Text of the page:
On May 29, 2007, Luis Alberto Hernandez borrowed his aunt's gray Honda sedan to stake out the parking lot of the Hayward medical center where his estranged girlfriend worked. In the weeks prior, Hernandez had been leaving threatening messages on Rose Goulart's phone, and she had made her two teenage children walk convoluted routes to and from school so their father wouldn't discover where she lived. "You can't hide from me," Hernandez had told her once on the phone; "I'll find you." That morning, he did.
When Goulart arrived, Hernandez pulled out of the parking spot where he'd been lurking and blocked her with his car. He got out, approached her, and, after a brief exchange, lunged at Goulart, stabbing her repeatedly in the abdomen with a sharpened screwdriver in front of almost a dozen witnesses. Goulart was rushed to Eden Trauma Center, where she was pronounced dead. Hernandez was taken into custody by the police.
Although his crime was one of hundreds of murders to occur in Alameda County that year, it was unique for another reason. On April 27 of this year, the District Attorney's Office indicated that it would seek the death penalty for Hernandez, the first time since 2006 that Alameda County prosecutors have sought that punishment in any case. Yet, evidence suggests that trying to send Hernandez to death row will be expensive for the taxpayers of Alameda County. Although they are disputed by some prosecutors, studies done by the American Civil Liberties Union suggest that the cost of seeking death for Hernandez should be at least $1.1 million more expensive than seeking his permanent imprisonment.
"A lot of people think the death penalty is cheaper, but that's a myth," said Natasha Minsker, death penalty policy director for the American Civil Liberties Union of Northern California and the head of the Alameda County Coalition for Alternatives to the Death Penalty. "We want to raise awareness about the costs because we think this is an issue people can find common ground on."
In this time of unprecedented fiscal crisis, the ACLU is making such costs the central focus of its latest campaign. On June 28 this year, the organization, in partnership with the Budget Justice Coalition and the Drug Policy Alliance, launched an effort to get state legislators and the governor to abolish the death penalty. A two-and-a-half minute video featuring a retired FBI agent, a former prosecutor, and the sister of a murder victim calling for an end to the death penalty began making the rounds on the Internet. The coalition claims that such prosecutions cost Californians more than $1 billion over five years.
With the state legislature currently deadlocked on how to close a $19 billion budget gap, focusing the public's attention on the cost of the death penalty may be a smart strategy. Typically the topic is debated on moral or other grounds.
Minsker said it's the first time the ACLU has made cost the primary focus of an effort to abolish the death penalty. Historically, the organization has drawn attention to wrongful convictions, systematic unfairness, and the questionable morality of state-sanctioned execution. In a sense, these earlier battles laid the groundwork for the current one. Mixed victories for both sides — reforms for the opponents and yet a still-legal death penalty for supporters — have resulted in a system that pleases neither, while sapping funds at a rate that should alarm anyone paying attention.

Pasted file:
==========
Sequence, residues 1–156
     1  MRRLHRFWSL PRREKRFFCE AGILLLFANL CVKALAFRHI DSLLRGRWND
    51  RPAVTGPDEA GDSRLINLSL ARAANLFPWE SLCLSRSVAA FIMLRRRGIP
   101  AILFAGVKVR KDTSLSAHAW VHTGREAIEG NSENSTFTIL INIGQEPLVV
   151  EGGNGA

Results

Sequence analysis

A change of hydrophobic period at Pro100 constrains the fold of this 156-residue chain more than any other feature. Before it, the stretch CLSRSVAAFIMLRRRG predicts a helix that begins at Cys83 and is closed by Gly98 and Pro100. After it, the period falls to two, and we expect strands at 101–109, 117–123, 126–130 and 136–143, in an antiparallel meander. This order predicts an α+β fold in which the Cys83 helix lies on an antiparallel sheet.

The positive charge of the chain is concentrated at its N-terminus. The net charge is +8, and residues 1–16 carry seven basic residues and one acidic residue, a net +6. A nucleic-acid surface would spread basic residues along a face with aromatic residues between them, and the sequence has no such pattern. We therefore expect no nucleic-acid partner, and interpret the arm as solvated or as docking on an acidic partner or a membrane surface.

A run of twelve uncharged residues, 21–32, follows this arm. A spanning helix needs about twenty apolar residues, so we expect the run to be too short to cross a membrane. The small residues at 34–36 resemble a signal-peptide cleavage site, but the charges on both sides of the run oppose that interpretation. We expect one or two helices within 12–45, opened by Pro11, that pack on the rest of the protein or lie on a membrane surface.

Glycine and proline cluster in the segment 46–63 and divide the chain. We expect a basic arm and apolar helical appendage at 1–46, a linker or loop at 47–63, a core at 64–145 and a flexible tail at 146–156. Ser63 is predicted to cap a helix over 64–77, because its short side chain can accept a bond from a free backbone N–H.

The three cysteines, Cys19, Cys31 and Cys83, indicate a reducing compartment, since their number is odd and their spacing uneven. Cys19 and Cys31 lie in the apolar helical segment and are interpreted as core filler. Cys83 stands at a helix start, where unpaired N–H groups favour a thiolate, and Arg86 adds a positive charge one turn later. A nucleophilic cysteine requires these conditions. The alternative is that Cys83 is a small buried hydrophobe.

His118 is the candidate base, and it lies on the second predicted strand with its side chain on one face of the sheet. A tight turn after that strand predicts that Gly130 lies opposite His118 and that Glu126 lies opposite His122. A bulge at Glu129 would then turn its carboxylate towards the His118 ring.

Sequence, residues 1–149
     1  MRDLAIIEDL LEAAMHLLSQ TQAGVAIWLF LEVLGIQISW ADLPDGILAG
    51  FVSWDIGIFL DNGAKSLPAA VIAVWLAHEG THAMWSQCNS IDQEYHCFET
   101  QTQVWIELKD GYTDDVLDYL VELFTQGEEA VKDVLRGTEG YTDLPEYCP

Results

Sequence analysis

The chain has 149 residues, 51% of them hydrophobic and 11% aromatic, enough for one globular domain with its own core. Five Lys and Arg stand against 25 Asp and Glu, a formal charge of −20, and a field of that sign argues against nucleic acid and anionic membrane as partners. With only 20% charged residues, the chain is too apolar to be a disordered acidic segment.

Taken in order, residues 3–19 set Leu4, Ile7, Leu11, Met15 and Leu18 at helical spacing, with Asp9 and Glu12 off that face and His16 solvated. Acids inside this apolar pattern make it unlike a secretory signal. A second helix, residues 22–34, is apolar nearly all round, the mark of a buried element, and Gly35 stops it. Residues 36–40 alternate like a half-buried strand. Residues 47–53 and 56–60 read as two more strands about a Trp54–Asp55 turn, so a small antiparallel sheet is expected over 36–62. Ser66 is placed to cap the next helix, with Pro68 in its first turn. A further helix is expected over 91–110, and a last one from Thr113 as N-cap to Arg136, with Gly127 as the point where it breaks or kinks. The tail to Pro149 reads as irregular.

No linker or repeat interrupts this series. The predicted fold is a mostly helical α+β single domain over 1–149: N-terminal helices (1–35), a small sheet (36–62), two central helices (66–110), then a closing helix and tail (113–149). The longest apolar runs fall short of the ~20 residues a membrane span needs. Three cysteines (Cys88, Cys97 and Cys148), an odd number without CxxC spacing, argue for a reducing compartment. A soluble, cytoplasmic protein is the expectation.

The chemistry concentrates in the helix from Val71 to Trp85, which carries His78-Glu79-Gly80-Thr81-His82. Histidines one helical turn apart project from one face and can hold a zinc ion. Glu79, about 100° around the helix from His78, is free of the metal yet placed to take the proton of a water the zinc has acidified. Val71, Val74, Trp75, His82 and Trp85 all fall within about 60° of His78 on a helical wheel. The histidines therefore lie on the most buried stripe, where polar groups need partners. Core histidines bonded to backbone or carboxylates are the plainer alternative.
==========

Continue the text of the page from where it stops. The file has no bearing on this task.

California's death penalty system is a failure by almost every measure. Due to a lack of qualified lawyers and a backlog in the courts, the average length of time from sentencing to execution is 25 years — more than anywhere else in the country. According to the California Commission on the Fair Administration of Justice — which was tasked to study California's death penalty and suggest reforms — in 2008 California spent more than $116 million housing death row inmates and passing them through a machine whose final mechanism is broken. Since 2006 there has been a moratorium on executions in California until the US Ninth Circuit Court of Appeals approves the state's execution procedure. Until that occurs, the state is likely to keep shelling out the extra $90,000 a year that the ACLU says it costs to house each of the state's 705 death row inmates.
"California's death penalty is dysfunctional," the commission's report concluded. And despite disagreement over why this is so and the feasibility of fixing it, most players in the death penalty system agree with that assessment.
The ACLU's solution is to replace the death penalty with life imprisonment without the possibility of parole. Death penalty opponents say permanent imprisonment is a solution that keeps society safe and satisfies the retributive urge of victims' families while also costing taxpayers drastically less — about $11.5 million per year, according to the commission's report.
But abolishing the death penalty appears to be a pipe dream for now. According to a recent Field Poll, 70 percent of Californians support the death penalty, although a small plurality — 42 to 41 percent — prefer permanent imprisonment to death when given the choice. This level of support for the death penalty isn't a record — that would be 83 percent, in 1986 — but it's a substantial increase from its ten-year low of 58 percent in 2002, according to a Los Angeles Times poll.
Nonetheless, Californians' strong endorsement for the death penalty should not necessarily be taken as approval of the way death sentences are currently sought or handed out, said Field Poll Director Mark DiCamillo. "That 70 percent majority — they're not all thinking about the death penalty the same way," he said. "Some people want to reserve it for the most extreme cases, the 9/11 hijackers and that kind of thing."
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